Monday, November 03, 2014

A Sunday Evening Musing on the Grip of Addiction.

For years addiction therapists and counsellors tended to be people who had been addicts themselves, these days, not so much. Drug and alcohol counsellors who have experienced addiction first-hand represent a dwindling slice of the addiction therapy community. Someone once told me that it isn't possible to become a drug addiction counsellor if you've never been addicted to drugs like heroin, cocaine and so forth. Or you wouldn't be a very good one at least. While they were no addict themselves it did get me thinking, and in a sense I could see the point through their naiveté.
I think that's probably like saying you can't help someone suffering from alcoholism because you aren't an alcoholic; or that you wouldn't be able to deal with suicide bereavement because you never tried taking your own life; or a paedophile needs to be reformed and rehabilitated by a former paedophile. I mean that may sound like a bit of a sledgehammer to crack a walnut, but their opinion is not too dissimilar.
I don't think that all addictions should have to be approached and individually tailored to the client presenting. William S. Burroughs remarked before, whether ''you sniff it, smoke it, eat it, or shove it up your ass, the result is the same - addiction''. Sure, a heroin addict is going to have a different set of circumstances when trying to avoid their substance, than say an alcoholic, who would be presented with far more opportunities to access and even come into contact with the substance they're trying to avoid. The 'availability hypothesis' states that the greater the availability of a drug in society, the more people are likely to use it and the more they're likely to run into problems with it (Thompson, 2012). The alcoholic's addiction is given extra traction by the innumerable ways society shoves it in their face. It's actively encouraged, under-priced, and sold aggressively. Sure what the hell are ye doing without a pint in yer hand?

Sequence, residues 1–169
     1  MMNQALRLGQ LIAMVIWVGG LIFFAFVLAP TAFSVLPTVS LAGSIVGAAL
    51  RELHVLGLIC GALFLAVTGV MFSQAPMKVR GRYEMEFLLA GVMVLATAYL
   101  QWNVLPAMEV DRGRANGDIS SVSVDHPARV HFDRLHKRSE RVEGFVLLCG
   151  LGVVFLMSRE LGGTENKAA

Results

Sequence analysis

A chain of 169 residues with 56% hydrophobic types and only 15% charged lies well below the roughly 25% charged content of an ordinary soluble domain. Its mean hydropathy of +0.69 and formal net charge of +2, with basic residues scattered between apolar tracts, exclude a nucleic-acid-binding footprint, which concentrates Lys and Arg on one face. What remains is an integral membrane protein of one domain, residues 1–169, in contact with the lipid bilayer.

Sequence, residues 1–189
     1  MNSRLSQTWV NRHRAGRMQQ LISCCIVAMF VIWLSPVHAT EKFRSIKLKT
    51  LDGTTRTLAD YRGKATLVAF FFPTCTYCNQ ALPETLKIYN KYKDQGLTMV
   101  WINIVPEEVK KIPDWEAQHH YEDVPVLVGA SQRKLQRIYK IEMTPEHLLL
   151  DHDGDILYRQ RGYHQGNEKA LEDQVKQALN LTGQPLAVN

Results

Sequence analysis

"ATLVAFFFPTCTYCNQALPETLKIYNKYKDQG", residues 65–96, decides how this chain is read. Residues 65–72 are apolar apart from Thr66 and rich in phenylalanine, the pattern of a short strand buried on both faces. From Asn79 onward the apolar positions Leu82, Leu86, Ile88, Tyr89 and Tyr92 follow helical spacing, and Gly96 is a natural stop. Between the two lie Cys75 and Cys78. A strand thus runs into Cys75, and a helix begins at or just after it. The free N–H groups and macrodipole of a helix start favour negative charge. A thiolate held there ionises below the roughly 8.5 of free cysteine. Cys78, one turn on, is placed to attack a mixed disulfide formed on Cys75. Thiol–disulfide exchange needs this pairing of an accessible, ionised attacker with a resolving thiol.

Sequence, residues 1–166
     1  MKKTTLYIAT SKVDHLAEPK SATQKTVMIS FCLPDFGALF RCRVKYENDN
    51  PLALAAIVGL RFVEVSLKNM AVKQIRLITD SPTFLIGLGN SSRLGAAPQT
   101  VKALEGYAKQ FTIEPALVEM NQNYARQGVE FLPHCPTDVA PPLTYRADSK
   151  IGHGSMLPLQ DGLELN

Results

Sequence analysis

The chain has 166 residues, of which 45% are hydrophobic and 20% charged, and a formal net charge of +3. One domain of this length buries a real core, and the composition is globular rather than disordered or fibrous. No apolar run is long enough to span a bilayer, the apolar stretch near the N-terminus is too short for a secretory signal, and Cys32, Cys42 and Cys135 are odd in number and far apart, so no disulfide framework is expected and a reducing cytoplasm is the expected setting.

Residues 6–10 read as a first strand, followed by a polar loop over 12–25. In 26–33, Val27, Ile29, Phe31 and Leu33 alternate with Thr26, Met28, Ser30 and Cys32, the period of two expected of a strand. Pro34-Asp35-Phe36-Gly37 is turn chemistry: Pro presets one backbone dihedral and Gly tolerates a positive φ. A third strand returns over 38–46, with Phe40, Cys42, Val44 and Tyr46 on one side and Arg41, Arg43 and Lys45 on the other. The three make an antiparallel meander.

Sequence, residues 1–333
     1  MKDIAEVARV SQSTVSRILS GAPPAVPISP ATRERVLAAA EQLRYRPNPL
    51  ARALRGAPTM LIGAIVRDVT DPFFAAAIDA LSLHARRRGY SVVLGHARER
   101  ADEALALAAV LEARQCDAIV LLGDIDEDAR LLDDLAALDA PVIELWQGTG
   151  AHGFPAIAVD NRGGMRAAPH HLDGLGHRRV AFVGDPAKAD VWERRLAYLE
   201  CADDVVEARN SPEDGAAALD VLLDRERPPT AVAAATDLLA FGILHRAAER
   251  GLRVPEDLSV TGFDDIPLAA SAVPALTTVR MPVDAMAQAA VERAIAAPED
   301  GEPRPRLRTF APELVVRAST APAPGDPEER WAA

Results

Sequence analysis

''The essential process of addiction is the replacement of people with things. Addicts form primary relationships with objects and events, not with people. In a relationship with an object, the addict can always come first'' (Thompson, 2012).
But what's driving the addiction? It is at the end of the day a mixture between psychology and physiology. Psychologically, it's a cognitive battle. Respite only comes from changing your thinking and you won't be able to change anything if you don't change the thought patterns. But how does an addict attempt to change their biology? Physiologically, all addictions are going to have their roots in the major reward centres of the brain. The pleasure pathways. The networks that quash all the aversive psychological effort and scream far louder than most people can cope with.

Addicts go for pleasure even if it is detrimental to their lives. It is often the thoughts of withdrawal that poisons the outlook of an opiate addict. A psychological fear of an impending physiological nightmare. They can say they won't use anymore, but when the body starts to go into the initial phase of withdrawal, nothing will make sense to the person other than another hit to dampen the pain. It's cyclical. It's tragic. For some people, there really is no silver spoon but plastic spoons and dope; but heroin addicts should be treated like patients and not criminals foremost. You have to deal with person - not the crime of using heroin.

It's similar reward paths for tobacco. It has in fact been argued that giving up cigarettes is analogous to that of opiate withdrawal. But who gives a sh*t about the cigarette smokers, it's only a drug that kills over 5 million people annually worldwide. For heroin, a conservative estimate recorded 7,630 drug-induced deaths in EU member states and Norway in 2009, with the majority of these related to opiate use. It accounts for the greatest numbers of deaths related to drug use in Europe; Ireland having the highest rate of heroin use in Europe with just over 7 cases per 1000 population. There's no denying that these figures are a paltry sum in comparison to tobacco products.